Pet Sematary is a thrill ride that is bound to chill audiences to their bone. Closing the last night of the SXSW (South by Southwest) Film Festival, the film premier brought audiences to their feet in a well-deserved standing ovation. It's bloody, it's scary and brilliantly acted. However, we shouldn't overhype this too much. While it's incredibly serviceable in adapting the source material and remaking the 1989 adaptation, this doesn't necessarily tread any new ground.
Jason Clarke carries the film as the science and logic-driven Dr. Louis Creed and patriarch of our family, who moves his family to the woods of Maine to get away from the hustle of the city. And, of course, creepiness ensues as the family finds a pet cemetery on their property and creepier secrets in the woods beyond. While we've known for a long time how great Clarke can be as a leading action or dramatic character actor, a lot of what he has to do here actually ends up providing some comic relief in the small moments of lightness in between jump-scares. Amy Seimetz also does a great job as Rachel, the wife, and mother who is haunted by guilt over the death of her sister, memories of which seems even more present in their creepy new house.
Even more astounding are the performances of 9-year-old Jeté Laurence and twins Hugo Lavoie and Lucas Lavoie who truly carry the film as the Creed children. John Lithgow is also great as Jud in the kindly neighbor role, also providing some of that lightness in comic relief we need as well. He also delivers a likely unintentionally funny line (that I won't spoil) that has to do with the name of the family's cat and his familiarity with its namesake.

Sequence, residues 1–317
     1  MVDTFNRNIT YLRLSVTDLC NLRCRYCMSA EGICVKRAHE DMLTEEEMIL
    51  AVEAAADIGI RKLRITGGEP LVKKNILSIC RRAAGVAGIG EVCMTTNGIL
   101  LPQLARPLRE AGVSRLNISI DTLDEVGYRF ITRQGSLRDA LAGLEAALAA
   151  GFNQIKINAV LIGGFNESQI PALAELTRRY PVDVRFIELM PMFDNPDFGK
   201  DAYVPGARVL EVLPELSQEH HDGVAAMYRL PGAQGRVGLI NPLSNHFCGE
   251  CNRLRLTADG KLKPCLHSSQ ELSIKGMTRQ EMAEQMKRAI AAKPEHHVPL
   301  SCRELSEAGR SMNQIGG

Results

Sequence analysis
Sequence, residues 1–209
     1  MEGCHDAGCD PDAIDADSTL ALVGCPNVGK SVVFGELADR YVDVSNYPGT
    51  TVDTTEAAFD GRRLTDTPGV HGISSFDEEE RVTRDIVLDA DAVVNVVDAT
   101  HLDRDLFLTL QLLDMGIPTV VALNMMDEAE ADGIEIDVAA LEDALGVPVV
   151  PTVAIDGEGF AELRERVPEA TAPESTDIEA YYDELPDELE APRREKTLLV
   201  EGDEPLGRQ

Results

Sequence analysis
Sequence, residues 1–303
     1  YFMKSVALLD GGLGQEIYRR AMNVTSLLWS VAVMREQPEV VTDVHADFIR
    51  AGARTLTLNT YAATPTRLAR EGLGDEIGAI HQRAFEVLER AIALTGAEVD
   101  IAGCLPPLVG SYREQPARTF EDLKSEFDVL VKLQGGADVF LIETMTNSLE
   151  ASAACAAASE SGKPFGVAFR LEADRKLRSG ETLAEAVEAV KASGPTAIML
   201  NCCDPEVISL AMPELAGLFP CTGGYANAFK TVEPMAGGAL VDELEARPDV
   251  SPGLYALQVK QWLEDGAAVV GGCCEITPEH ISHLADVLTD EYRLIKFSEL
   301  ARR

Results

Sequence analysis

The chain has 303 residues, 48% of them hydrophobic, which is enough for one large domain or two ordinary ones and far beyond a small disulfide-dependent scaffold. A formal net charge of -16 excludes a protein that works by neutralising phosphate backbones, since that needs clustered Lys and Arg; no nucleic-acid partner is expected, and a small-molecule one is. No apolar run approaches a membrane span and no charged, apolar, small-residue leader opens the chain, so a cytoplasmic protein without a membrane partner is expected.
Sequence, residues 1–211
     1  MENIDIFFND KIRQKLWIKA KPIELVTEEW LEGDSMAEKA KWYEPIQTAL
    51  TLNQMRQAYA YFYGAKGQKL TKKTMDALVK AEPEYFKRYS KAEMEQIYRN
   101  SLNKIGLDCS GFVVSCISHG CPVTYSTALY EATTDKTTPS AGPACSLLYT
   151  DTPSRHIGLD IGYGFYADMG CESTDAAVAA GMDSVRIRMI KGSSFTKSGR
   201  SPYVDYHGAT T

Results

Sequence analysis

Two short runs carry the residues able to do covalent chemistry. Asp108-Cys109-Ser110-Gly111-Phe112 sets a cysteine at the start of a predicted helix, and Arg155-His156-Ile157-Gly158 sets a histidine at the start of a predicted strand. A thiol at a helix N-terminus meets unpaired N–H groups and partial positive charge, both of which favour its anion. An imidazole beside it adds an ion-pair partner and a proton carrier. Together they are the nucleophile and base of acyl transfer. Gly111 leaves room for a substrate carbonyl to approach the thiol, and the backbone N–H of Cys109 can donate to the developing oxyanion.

While the film is definitely a crowd-pleaser, it's hard to say what this really has to say for where we are in 2019 in a world where Hereditary and It Comes At Night are the bleeding edge of what indie horror films are bringing. After seeing Hereditary, I slept with the lights on for three days. I'll sleep soundly tonight despite some of the gorier images and real scares of the film.
Indeed, this feels very much like the remake/reboot that it is. The original Stephen King novel is a great rumination on grief, loss, and science/rationality meeting the supernatural. While those themes come forward in the film, it's only passingly. Even compared to a similar attempt at a remake of It, this has less fun with the source material. The film relies as much on jump-scares as anything else to provide its horror, and you're going to have to bring more than that these days.
But what it does get right is a slow-burn of dread, grief, and loss as this freight train chugs along towards its inexorable conclusion. The film's atmosphere is really great. A strong score as well as a beautiful sense of place and cinematography that borders between the mundane and the spooky — exactly what you want in this type of film. There are also some nice homages and Easter eggs to other Stephen King properties in the film.
Regardless, the performances are great and this certainly feels like it was made for mainstream audiences more than horror lovers looking for an edge.